Fan cfm output: reliant on speed or torque?

In summary, the conversation discusses the factors that determine the output of a fan, including power, speed, and torque. The relationship between these factors is explained using equations and the concept of affinity laws. The conversation also touches on the efficiency of the fan and its size, and how these factors affect the power required to move a fluid. The link provided offers more detailed information on fans.
  • #1
basically i want to know for a fan whether the air flow created is more reliant on speed or torque, if there's some sort of equation out there that'd be helpful too!
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  • #2
Its funny, I would say that the output of the fan would depend most directly on Power (watts).

Power = (Rotation Speed)* (Torque)

This equation is a good first step for thinking about motors in general.
  • #3
The flowrate across a fan depends upon the fan speed and the primemover should have enough power to move the air. You can use affinity laws of fan.
Q1/Q2 = N1/N2, H1/H2 = (N1/N2)^2 and P1/P2 = (N1/N2)^3, where Q is flowrate, H is head developed and P is power. When flowrate is high, the primemover develops power till it gets overloaded and trips off. [Broken]
The above link provides you basic and detailed knowledge on fans.
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  • #4
If your in the same medium, isn't the flow rating a function of the speed which is a function of torque?
  • #5
Pengwuino said:
If your in the same medium, isn't the flow rating a function of the speed which is a function of torque?

The volumetric output will be a function of speed. Saying the speed is a function of torque is a bit misleading since the torque is going to be very dependent on the fan design. Like Crosson and Quark said, one should really think in terms of power for the prime mover.
  • #6
ok thanks guys...but one slight question. What're N1 and N2? lol, because this is from air to air.
  • #7
N refers to the rotational velocity of the motor/fan.
  • #8
quark said:
The above link provides you basic and detailed knowledge on fans.
Thank you so much for providing that; it's exactly the sort of thing I've been trying to find to aid in my hovercraft design. :smile:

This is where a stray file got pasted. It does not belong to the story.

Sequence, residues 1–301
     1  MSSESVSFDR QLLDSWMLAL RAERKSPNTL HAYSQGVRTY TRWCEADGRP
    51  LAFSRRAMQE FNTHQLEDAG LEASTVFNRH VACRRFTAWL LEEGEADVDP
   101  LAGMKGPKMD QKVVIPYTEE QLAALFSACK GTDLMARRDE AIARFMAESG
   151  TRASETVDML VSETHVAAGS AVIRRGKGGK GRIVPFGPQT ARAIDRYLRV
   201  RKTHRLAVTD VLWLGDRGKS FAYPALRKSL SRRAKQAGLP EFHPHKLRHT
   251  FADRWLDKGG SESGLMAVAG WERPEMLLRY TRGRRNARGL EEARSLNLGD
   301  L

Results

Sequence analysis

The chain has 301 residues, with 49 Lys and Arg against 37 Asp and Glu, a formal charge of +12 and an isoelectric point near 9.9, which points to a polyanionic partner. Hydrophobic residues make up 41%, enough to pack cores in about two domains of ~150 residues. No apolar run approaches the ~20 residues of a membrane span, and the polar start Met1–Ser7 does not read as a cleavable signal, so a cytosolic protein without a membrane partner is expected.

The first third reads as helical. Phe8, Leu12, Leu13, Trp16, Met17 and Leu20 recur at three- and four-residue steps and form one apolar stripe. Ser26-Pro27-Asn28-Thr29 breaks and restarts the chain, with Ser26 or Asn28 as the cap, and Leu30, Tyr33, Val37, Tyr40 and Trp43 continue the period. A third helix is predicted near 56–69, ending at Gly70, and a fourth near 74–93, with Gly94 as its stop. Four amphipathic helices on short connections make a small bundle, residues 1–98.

• #9
if N refers to the rotational velocity (im assuming that's rad/s) why do i need N1 and N2 if i only want to find out some information for 1 speed? And shouldn't size of the fan be an issue?

also another sort of random question. Since (according to part of Bernoulli's equation) the energy density of a moving fluid is 1/2pv^2 (where v is velocity in m/s and p is density in kg/m^3), then would this make sense:

Say the fluid we have is water (p = 1000 kg/m^3), moving at about 1 m/s (just to make it simple. thus the kinetic energy density is 500 j/m^3. If the water is flowing at a rate of 2 m^3/s then would this mean the energy (or power rather) of the water is 1000 j/s (which is equal to 1000 W) because 500 j/m^3 * 2 m^3/s (the m^3 cancels and you get j/s) = 1000 j/s

does that make sense?
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  • #10
I didn't get what you exactly intended to ask. Flowrate through any fluid moving device, fundamentally, depends upon the speed of the moving device(or the linear velocity of the fluid) and its cross sectional area. For a fixed flowrate, if you increase cross sectional area, you can work with lower speeds. This is a trade off between initial investment and operational cost.

For a fixed flowrate and head, power varies only with the gross efficiency of fluid moving device+prime mover assembly. Fluid kW(or Fluid HP), a term referred to indicate the theoretical power required to move a fluid at a certain flowrate and against a certain resistance, is always constant(if flowrate and head are constant) irrespective of the speed of the fluid moving device.

Hope this clarifies your doubt.
  • #11
ok so the flowrate of a big slow moving fan can be the same as a small (very) quickly moving fan?

and what about the question in my "edit" post?

1. How is fan CFM output affected by speed?

CFM (Cubic Feet per Minute) is a measure of the volume of air that a fan can move in one minute. As the speed of a fan increases, the blades are able to move more air, resulting in a higher CFM output. Therefore, fan CFM output is directly proportional to the speed of the fan.

2. Is fan CFM output reliant on the speed setting?

Yes, the speed setting of a fan directly affects its CFM output. A higher speed setting will result in a higher CFM output and vice versa. This is because the speed setting controls the rate at which the fan blades rotate, which in turn determines the amount of air that is moved.

3. How does torque impact fan CFM output?

Torque is the amount of rotational force applied to the fan blades. It is a measure of how much work the motor is doing to turn the blades. The higher the torque, the more power the motor has to rotate the blades, resulting in a higher CFM output. Therefore, fan CFM output is reliant on torque as well as speed.

4. Do different types of fans have different CFM outputs at the same speed?

Yes, different types of fans, such as centrifugal fans and axial fans, have different designs and mechanisms for moving air. As a result, they may have different CFM outputs at the same speed. For example, a centrifugal fan may have a higher CFM output compared to an axial fan at the same speed due to its design.

5. Can a fan's CFM output be increased by increasing both speed and torque?

Yes, increasing both speed and torque can increase a fan's CFM output. However, it is important to note that there are limits to how much the speed and torque can be increased before the fan reaches its maximum CFM output. Additionally, increasing both speed and torque may also result in higher energy consumption and noise levels.

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